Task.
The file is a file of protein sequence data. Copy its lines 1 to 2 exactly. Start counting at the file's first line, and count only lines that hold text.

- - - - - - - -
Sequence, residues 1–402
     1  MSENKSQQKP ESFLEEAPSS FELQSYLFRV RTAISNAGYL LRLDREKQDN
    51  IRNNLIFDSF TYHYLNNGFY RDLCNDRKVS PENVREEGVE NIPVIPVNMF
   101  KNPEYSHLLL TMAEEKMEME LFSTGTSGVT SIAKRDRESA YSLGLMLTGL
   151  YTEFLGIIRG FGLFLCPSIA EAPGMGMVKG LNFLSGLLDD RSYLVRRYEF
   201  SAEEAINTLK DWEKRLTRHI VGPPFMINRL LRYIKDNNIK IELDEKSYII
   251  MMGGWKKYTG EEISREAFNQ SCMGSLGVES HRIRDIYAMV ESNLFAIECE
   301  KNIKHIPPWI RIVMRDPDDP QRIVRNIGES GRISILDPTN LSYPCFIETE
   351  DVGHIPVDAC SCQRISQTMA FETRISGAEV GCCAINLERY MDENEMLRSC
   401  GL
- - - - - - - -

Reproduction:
Sequence, residues 1–402
     1  MSENKSQQKP ESFLEEAPSS FELQSYLFRV RTAISNAGYL LRLDREKQDN